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<p>This spectacular image from the VLT Survey Telescope shows the Cat’s Paw Nebula (NGC 6334, upper right) and the Lobster Nebula (NGC 6357, lower left). These dramatic objects are regions of active star formation where the hot young stars are causing the surrounding hydrogen gas to glow red. The very rich field of view also includes dark clouds of dust. With around two billion pixels this is one of the largest images ever released by ESO. A zoomable version of this giant image is available here.</p>

<p>Note that the circular features in the image around bright stars are not real, they are due to reflections within the optics of the telescope and camera.</p>

<p>Credit:</p>

<p>ESO</p>
The Cat’s Paw and Lobster Nebulae
The beautiful, glowing, cosmic clouds of gas and dust catalogued as NGC 6334 and NGC 6357 now have new names.
<p>3-D visualization of chemically-ordered phases in an iron-platinum (FePt) nanoparticle. Using the Titan supercomputer at the Oak Ridge Leadership Computing Facility, researchers from Oak Ridge National Laboratory simulated the magnetic properties of strongly magnetic phases in the FePt nanoparticle using the precise 3-D atomistic structure obtained by researchers at University of California, Los Angeles and Lawrence Berkeley National Laboratory (Berkeley Lab). Video credit to Colin Ophus, Berkeley Lab. Video courtesy of Nature.</p>
First Look at Magnetism of Real Nanoparticle
Scientist help solve a unique problem: to model magnetism at the atomic level using experimental data from a real nanoparticle.

<p>This map of dark matter in the Universe was obtained from data from the KiDS survey, using the VLT Survey Telescope at ESO’s Paranal Observatory in Chile. It reveals an expansive web of dense (light) and empty (dark) regions. This image is one out of five patches of the sky observed by KiDS. Here the invisible dark matter is seen rendered in pink, covering an area of sky around 420 times the size of the full moon. This image reconstruction was made by analysing the light collected from over three million distant galaxies more than 6 billion light-years away. The observed galaxy images were warped by the gravitational pull of dark matter as the light travelled through the Universe.</p>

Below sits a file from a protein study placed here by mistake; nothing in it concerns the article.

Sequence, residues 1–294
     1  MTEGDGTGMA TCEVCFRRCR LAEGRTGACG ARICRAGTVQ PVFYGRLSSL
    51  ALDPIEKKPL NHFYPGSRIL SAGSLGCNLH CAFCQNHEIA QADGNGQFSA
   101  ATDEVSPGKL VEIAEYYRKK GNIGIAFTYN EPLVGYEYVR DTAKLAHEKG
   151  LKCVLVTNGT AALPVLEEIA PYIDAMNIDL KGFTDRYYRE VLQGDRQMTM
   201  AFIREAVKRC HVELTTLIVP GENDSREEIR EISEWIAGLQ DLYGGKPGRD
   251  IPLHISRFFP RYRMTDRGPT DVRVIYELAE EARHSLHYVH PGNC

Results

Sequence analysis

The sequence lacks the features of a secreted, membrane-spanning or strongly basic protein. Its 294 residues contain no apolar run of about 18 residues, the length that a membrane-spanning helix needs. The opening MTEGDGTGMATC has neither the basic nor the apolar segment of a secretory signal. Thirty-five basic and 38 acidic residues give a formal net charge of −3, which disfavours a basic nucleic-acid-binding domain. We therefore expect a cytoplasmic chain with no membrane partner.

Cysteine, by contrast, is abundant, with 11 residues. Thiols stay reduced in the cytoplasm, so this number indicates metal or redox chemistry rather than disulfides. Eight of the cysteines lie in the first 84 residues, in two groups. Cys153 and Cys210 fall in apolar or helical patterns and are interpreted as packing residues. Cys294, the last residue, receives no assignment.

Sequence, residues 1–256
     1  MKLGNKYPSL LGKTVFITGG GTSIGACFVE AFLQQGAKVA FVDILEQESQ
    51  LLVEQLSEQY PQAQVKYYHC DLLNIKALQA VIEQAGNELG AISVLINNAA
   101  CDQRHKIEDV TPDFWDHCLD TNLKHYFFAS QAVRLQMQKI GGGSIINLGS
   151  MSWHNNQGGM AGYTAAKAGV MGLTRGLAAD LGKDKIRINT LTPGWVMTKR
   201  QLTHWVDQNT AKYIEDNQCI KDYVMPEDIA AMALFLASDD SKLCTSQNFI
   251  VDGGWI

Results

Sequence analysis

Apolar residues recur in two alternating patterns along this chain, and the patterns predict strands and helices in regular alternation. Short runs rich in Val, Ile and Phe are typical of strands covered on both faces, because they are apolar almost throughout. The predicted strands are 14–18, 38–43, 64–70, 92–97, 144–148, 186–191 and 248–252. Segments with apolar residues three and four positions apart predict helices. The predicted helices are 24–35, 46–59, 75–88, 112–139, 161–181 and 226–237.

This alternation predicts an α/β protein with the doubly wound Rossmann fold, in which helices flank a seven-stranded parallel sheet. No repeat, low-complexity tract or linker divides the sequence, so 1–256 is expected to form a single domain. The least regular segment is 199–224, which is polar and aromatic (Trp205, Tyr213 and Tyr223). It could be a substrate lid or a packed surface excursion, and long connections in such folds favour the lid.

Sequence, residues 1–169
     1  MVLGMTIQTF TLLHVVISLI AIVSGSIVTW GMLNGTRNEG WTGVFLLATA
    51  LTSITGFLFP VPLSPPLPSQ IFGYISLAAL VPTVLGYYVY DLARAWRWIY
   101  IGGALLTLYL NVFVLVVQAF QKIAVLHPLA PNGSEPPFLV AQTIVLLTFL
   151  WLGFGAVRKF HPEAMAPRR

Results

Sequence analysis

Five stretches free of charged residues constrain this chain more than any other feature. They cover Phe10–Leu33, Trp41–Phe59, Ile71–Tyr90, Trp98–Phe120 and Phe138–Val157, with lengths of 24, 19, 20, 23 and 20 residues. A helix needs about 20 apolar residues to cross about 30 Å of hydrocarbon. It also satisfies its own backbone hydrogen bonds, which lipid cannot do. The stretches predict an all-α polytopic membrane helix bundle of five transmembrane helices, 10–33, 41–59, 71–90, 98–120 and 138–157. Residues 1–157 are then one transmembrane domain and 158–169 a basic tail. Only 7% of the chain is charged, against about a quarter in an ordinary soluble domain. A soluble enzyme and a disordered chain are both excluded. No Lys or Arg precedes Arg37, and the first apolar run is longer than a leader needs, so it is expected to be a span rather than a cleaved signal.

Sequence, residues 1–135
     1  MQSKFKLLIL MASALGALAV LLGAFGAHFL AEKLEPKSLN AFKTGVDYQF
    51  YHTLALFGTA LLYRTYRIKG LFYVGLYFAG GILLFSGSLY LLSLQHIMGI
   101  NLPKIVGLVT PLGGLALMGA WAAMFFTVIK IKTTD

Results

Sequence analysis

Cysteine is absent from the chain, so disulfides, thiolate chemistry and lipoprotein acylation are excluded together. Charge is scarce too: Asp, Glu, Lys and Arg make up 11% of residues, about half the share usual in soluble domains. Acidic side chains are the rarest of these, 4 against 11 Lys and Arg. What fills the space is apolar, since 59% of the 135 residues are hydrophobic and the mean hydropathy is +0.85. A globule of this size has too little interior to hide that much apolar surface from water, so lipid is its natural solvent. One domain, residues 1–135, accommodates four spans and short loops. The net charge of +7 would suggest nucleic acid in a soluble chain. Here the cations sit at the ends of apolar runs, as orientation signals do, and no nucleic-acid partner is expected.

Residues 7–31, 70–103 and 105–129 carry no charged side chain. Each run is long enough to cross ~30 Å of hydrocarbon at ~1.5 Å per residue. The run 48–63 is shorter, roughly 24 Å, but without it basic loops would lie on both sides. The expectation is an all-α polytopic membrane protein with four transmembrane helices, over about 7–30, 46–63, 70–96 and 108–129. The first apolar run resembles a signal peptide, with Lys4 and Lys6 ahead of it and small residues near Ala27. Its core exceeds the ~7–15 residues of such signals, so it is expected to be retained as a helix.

<p>Some small dark regions, with sharp boundaries, appear in this image. They are the locations of bright stars and other nearby objects that get in the way of the observations of more distant galaxies and are hence masked out in these maps as no weak-lensing signal can be measured in these areas.</p>

<p>Credit:</p>

<p>Kilo-Degree Survey Collaboration/H. Hildebrandt & B. Giblin/ESO</p>
Dark Matter May be Smoother than Expected
Analysis of a giant new galaxy survey suggests that dark matter may be less dense and more smoothly distributed throughout space than previously thought.
<p>Interference pattern created by neutron holography.</p>

<p>Credit:</p>

<p>NIST</p>
Holograms from Neutrons Created
For the first time, scientists have used neutron beams to create holograms of large solid objects, revealing details about their interiors in ways that ordinary laser light-based visual holograms cannot.


Oldest Known Planet-Forming Disk Found
Scientists find a star surrounded by the oldest known circumstellar disk—a primordial ring of gas and dust that orbits around a young star and from which planets can form.
New Technique May Help Detect Martian Life
A novel interpretation of Raman spectra will help the 2020 Mars rover select rocks to study for signs of life.
Stable Propagation of Light in Nano-Photonic Fibers
New model on how to achieve a more stable propagation of light for future optical technologies was published.

Science Facts

Backyard Telescopes for New Planets. Is it Possible?